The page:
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HARA CHANA BURFI / हरे चने की बर्फी (Green Garbanzo Beans Fudge)

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WISHING EVERYONE A VERY HAPPY AND PROSPEROUS DIWAL noI 

There have been phases where I have oscillated between being a non vegetarian and then switching back to being a vegetarian. I wasn’t always a non vegetarian. In my mother’s house, we rarely had chicken or mutton and fish was a rarity, except for fish fritters in winters. The emphasis was always on eating one’s veggies. The things however changed once I moved to my marital house where I encountered hard core carnivores. Everyday at least one meal would have fish, mutton or chicken. And if anyone in the house was not in a mood for vegetables on the menu, they would simply have an omelette with bread. So much of non veg food, was quite something for me to handle. There would come a point when I wouldn’t even want to hear the word chicken or fish. When we moved into our own house, I ensured that we incorporated more veggies in our meals. And last year, when I switched over to being a vegetarian, again, I tried to incorporate as many veggies and lentils & legumes that I possibly could, into my meals. I try cooking them in different ways so that they provide me with a healthy variety of meals.

Although green garbanzo beans are a seasonal produce, you can find them being sold in dried form just as regular black or white chick peas at your grocery store. Soak them the same way as well and you have them just as fresh green garbanzo beans would be. I enjoy them as a salad, in rice pilaf and as a curry or as this fudge here. The fudge takes very little time to get cooked and makes for a healthy and tasty dessert.

1 C Dry Green Chickpeas (Chholiya)

¼ C plus 1 tbsp Ghee

250 grams Khoya (Mawa)

¾ C Sugar (adjust to taste)

1½ tsp Cardamom Powder

2 – 3 tbsp finely sliced Pistachio

2 – 3 tbsp slivered Almonds

Pick, wash and soak the green chick peas in water for 5 – 6 hours. (I soaked them over night)

Drain the soaked chickpeas and grind them to a coarse paste (it is purely a matter of taste whether you like coarsely grained chick peas or want to turn them into a fine paste)

In a heavy bottom cooking pan or wok (kadahi), heat the ghee and add the chick pea paste.

Roast it for a minute on high flame stirring continuously and then reduce the heat and roast it till the colour begins to change and the raw smell is gone. (A total of 7 minutes approx.)

Add milk along with cardamom powder, two tablespoons pistachio and two tablespoons almonds and keep cooking on low heat for another two minutes.

Remove the pan from the heat and keep aside and cover it.

In another heavy bottom pan or kadahi, roast the mawa on low heat without adding any ghee.

Roast till the colour changes to golden.

Switch off from the heat and allow to cool. Add mawa and sugar to the roasted chick peas and mix it all well till everything is well incorporated.

Decant the contents in a plate or tray (mine was 9½ inches by 7 inch) and using a spatula spread it around and even it out. Level the surface and garnish with the remaining pistachios and almonds.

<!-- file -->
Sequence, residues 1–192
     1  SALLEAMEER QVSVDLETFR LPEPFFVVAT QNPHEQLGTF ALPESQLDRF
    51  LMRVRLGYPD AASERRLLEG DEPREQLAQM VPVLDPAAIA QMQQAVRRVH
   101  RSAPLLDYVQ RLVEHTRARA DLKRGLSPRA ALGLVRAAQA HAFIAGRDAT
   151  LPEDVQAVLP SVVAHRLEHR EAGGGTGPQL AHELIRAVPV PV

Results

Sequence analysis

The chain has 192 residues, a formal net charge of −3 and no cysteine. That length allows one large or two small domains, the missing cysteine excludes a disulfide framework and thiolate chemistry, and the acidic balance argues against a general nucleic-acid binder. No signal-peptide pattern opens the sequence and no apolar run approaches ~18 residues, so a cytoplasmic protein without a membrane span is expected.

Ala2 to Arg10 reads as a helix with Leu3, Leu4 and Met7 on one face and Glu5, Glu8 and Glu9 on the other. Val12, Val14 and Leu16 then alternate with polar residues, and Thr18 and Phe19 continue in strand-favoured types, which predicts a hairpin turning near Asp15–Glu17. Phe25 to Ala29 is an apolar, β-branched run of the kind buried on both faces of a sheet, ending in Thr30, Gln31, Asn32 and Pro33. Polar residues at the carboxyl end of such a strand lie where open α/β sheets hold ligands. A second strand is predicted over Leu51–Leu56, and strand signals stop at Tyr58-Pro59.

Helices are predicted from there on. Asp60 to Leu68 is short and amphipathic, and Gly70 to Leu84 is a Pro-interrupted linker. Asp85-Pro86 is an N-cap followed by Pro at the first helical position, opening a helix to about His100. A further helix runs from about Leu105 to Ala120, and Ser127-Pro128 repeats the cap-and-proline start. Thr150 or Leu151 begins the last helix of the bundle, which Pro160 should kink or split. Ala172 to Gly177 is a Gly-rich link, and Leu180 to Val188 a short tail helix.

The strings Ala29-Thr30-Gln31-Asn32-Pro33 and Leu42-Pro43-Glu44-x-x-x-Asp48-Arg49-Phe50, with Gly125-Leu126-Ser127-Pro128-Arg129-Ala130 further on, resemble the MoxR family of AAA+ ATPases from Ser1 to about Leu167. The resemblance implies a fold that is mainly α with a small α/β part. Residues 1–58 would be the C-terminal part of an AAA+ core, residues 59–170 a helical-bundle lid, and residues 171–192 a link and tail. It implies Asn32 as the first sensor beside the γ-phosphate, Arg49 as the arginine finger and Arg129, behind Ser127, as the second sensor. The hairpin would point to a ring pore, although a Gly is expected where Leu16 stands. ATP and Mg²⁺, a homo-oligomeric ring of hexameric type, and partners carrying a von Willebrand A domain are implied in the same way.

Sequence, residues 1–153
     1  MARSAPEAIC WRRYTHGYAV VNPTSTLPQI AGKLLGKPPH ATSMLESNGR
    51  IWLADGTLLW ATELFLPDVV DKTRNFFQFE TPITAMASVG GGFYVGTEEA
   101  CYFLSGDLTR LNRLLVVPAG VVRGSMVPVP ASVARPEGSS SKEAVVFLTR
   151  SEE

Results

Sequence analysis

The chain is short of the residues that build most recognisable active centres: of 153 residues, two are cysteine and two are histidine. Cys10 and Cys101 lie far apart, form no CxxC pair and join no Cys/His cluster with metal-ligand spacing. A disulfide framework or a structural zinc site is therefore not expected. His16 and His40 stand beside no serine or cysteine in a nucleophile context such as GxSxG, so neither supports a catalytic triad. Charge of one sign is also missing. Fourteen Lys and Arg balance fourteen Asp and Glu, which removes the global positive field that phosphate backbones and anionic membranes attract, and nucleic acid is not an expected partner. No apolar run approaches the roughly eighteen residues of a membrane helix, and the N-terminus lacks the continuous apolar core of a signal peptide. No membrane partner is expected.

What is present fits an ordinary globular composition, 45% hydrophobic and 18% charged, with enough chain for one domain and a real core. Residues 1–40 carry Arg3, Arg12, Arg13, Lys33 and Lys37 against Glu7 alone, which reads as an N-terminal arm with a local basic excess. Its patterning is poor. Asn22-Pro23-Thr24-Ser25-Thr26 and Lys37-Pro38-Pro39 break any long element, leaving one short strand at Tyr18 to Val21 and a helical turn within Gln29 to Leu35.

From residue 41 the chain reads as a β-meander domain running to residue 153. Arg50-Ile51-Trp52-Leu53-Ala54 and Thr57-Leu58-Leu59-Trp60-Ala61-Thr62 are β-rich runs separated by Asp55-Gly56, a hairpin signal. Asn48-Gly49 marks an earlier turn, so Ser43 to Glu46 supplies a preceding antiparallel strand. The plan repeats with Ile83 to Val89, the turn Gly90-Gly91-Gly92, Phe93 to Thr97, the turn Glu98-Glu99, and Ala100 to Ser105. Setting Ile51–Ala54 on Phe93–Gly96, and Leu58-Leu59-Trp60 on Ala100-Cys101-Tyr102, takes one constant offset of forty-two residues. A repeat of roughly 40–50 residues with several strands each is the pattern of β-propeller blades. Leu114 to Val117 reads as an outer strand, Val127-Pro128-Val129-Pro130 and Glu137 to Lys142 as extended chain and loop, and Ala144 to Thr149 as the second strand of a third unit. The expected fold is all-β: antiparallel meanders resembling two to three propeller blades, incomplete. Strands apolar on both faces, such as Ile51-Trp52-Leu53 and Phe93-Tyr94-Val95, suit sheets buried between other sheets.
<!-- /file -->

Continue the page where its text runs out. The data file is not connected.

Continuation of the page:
Cover with a cling wrap (with the cling wrap touching the contents as this will prevent any moisture to develop inside). Keep the tray in the refrigerator for the fudge to firm up so that you can slice it with ease.

Once it is firm, cut the fudge in slices of the size you desire and serve. Enjoy!

Note: In case you intend to use fresh green chick peas (when they are in season), here is an idea of the approximate weight – the soaked and drained weight of the garbanzo beans was approximately 370 grams (+ / -).

Yield: 15 slices

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RODU / रोड़ु (Himachali Coconut Mawa Laddu) – GF

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HAPPY JANAMASHTAMI AND A HAPPY INDEPENDENCE DAY!!

It will be India’s 70th Independence Day on 15th August this year. And sorry to disappoint you in case you were looking forward to me posting some tricolour dish to celebrate it. Bloggers have over the year posted tricolored curry, rice, cake, cookies, rasgullas and what not. So basically nothing much is left to present the Indian tri-colour in the culinary world I think 😛 Okay, I am kidding 😀

India is all about its diversity; diversity in landscape, in food, in religion/ beliefs, culture, language, seasons, traditions and so much more. And I feel so blessed to be born in a family where this diversity is celebrated so beautifully. I was born in a Punjabi family. But in my family, I have close cousins married to Sindhi, Sikh, Muslim, Kashmiri, Parsi, Maharashtrian & Bengali. Oh yes, there is an Aunt who is a Christian and another who is from Himachal, not to forget that I am married to a Bihari. It is so wonderful that we get to celebrate the diversity of our great nation throughout the year on some occasion or the other.

Therefore, I am today sharing these Coconut Mawa Laddus called RODU from the northern hilly state of Himachal. These laddus are a taste of my childhood, one that I grew up eating and loving. These were my absolute favourite then. I hope you try them in your kitchen and enjoy them as much.

500 grams Khopa (whole dehydrated coconut)

250 grams Chhuhara (dried dates/ dry khajoor)

125 grams Almonds

125 grams Cashewnuts

500 grams Mawa (Khoya)

250 grams Sugar

1 tsp Cardamom Powder

1 Black Cardamom (seeds only, ground)

½ tsp Cinnamon Powder

½ tsp Mace powder

¼ tsp pinch Nutmeg powder

1 Scant C Water (i.e. more than 3/4 cup but less than 1 Cup)

Mix all the spices together in a small bowl. Set aside.

Grate the coconut. Set aside.

Deseed chhuhara and finely chop. If you find it difficult to chop them (since they can be sometimes really dry), bash them in mortar and pestle and then it is easier to handle them and chop them. Set aside.

Chop the nuts. (I lightly dry roasted the nuts before chopping them). Set them aside.

(I find the prep work a tad long and tiring, so I prep the ingredients a day before and store them in an air tight container and continue with the cooking process the next day)

In a heavy bottom wok (kadahi) roast the mawa on low heat till it changes to colour to a deeper shade (little more than golden) and becomes aromatic. (Took me approximately 20 minutes but the time will depend on the quality of mawa being used) Be carefully to not dry it out. Remove from the wok and set aside.